2014 Series PART FOUR: Damage Control
April 16th, 2014 Damage Control
© 2014 By Peter Lance pdf of printed edition
Teresa Montoya awoke the morning of Dec. 6, 2013, to a chilling voicemail from her fiancé, Raymond Victor Morua III, district representative for Rep. Lois Capps. The man she was planning to marry, a decorated Army veteran who had been Mrs. Capps’ Central Coast point man on veterans affairs, called at 6:18 a.m. to say he’d been locked up.
“Baby pick up. It’s me,” he said. “I’m in jail ? I had a DUI and they told me I hit somebody. I’m in the police jail and they’re going to move me to County Jail.”
Hours before he placed that call, Mr. Morua, 32, was arrested on suspicion of felony DUI causing serious bodily injury and leaving the scene of a crash. Witnesses identified him as the hit-and-run driver of a red Dodge Caliber that struck Mallory Rae Dies, 27, as she was crossing Anacapa Street just after midnight.
An hour prior to the crash, Mr. Morua left The Savoy nightclub on Anacapa Street where he’d represented Democrat Mrs. Capps at the Santa Barbara Independent’s annual Holiday Bash.
With Mallory now fighting for her life in the intensive care unit at Santa Barbara Cottage Hospital, Mr. Morua was breaking the news to his loved ones.
“I’m sorry,” he said in that message to his 38-year-old bride-to-be. “I love you so much baby. I just want to be with you right now. Please let everyone know. Answer your phone please. I’m going to call you back.”
About 15 minutes later came a message that was more hopeful: “Baby? You don’t have to call Mollie. I just went and talked to her ? She’s going to try and get me out.”
Mr. Morua was referring to his boss, Mollie Culver, a seasoned political strategist. She’d been the campaign manager for Mrs. Capps’ last successful re-election bid, and in May 2013 played a key role in Eric Garcetti’s successful race for mayor of Los Angeles.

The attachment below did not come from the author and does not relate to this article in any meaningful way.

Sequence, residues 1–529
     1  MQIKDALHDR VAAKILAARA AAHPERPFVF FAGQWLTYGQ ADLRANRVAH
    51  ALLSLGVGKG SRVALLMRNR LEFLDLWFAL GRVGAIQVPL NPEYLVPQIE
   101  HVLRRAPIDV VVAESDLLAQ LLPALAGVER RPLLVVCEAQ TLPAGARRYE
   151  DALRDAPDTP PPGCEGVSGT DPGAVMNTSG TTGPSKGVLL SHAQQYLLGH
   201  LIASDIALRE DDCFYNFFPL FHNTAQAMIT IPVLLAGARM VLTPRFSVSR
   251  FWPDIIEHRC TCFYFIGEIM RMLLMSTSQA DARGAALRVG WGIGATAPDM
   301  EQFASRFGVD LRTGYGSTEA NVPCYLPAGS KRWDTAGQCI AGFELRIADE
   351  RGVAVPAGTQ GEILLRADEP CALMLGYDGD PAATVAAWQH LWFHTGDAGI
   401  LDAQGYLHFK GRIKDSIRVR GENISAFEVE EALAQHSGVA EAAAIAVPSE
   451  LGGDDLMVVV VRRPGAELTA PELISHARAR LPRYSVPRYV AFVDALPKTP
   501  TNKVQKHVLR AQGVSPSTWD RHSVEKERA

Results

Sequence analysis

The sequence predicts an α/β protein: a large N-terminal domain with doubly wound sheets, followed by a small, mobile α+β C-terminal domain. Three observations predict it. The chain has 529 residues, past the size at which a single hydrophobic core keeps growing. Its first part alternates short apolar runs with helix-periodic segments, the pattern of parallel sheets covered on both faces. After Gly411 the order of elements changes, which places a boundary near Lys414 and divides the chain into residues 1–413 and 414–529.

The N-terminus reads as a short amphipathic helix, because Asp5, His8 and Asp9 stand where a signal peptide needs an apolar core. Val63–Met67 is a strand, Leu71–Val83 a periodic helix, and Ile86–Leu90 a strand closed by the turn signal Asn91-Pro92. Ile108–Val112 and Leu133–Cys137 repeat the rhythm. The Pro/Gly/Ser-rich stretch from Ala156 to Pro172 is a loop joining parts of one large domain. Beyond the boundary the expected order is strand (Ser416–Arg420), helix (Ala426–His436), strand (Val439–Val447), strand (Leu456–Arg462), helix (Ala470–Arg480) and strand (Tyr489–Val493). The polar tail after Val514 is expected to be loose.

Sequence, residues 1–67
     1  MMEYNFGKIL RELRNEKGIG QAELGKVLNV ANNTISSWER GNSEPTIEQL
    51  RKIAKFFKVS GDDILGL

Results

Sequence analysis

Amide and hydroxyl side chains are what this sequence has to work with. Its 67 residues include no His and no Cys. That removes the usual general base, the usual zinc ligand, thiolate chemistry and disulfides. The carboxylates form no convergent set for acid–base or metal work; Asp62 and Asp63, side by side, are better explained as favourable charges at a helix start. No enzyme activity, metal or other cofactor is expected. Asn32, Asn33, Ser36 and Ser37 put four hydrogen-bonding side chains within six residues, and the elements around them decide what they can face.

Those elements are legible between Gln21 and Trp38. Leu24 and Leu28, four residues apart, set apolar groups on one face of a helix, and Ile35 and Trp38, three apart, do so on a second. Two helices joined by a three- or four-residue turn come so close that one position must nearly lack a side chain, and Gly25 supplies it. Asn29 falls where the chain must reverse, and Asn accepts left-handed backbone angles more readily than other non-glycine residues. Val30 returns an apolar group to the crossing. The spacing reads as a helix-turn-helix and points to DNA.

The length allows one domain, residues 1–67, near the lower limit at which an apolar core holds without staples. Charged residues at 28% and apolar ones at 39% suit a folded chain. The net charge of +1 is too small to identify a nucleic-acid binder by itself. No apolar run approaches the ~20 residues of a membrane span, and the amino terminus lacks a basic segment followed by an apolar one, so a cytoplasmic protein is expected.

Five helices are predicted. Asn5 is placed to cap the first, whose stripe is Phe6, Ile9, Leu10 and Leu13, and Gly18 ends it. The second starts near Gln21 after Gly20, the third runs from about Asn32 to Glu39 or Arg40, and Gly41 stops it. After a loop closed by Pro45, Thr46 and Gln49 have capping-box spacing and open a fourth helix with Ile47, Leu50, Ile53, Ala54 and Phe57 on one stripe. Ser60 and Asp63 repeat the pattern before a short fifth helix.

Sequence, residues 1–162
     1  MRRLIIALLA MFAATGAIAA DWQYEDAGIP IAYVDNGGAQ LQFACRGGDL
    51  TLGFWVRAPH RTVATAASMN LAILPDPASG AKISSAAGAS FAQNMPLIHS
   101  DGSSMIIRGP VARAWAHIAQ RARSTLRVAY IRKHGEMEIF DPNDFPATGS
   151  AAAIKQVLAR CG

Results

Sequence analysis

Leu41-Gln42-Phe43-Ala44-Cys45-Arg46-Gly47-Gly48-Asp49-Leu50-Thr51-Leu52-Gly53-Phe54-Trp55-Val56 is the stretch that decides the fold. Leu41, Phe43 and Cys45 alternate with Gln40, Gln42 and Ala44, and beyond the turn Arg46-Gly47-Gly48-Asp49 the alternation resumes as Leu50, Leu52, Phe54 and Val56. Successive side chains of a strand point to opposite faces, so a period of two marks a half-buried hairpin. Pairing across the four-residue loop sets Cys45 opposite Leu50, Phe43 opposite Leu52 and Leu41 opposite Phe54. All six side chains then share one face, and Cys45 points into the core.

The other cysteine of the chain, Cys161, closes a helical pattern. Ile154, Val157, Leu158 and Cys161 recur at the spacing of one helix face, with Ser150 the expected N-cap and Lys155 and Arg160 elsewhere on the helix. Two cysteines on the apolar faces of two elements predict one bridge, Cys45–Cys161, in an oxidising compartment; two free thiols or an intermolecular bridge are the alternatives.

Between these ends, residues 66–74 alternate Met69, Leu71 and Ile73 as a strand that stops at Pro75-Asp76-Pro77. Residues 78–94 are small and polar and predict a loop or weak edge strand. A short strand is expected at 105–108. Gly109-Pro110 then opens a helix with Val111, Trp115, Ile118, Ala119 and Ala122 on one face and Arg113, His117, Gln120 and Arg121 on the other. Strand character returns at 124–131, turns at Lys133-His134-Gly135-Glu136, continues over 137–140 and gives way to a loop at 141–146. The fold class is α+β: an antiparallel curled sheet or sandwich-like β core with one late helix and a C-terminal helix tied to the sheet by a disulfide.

At the time of the hit-and-run outside EOS Lounge, near Haley Street, Ms. Culver was district director of Mrs. Capps’ Santa Barbara office and Mr. Morua’s immediate superior. Now, as his second voicemail indicates, within hours of crashing his vehicle after a high-speed chase involving a good Samaritan, she was about to make an effort to help him.
TRYING TO GET MR. MORUA OUT OF JAIL
As the evidence uncovered in this investigation shows, Ms. Culver was initially aided in her efforts to help Mr. Morua by George Eskin, a recently retired Santa Barbara County Superior Court judge whose wife, state Sen. Hannah-Beth Jackson, D-Santa Barbara, is an ally of Mrs. Capps. Immediately after the crash, Judge Eskin, who’d returned to the bench in the role of “assigned judge,” would help the accused drunken driver retain the services of an experienced local criminal attorney, Samuel K. Eaton Jr.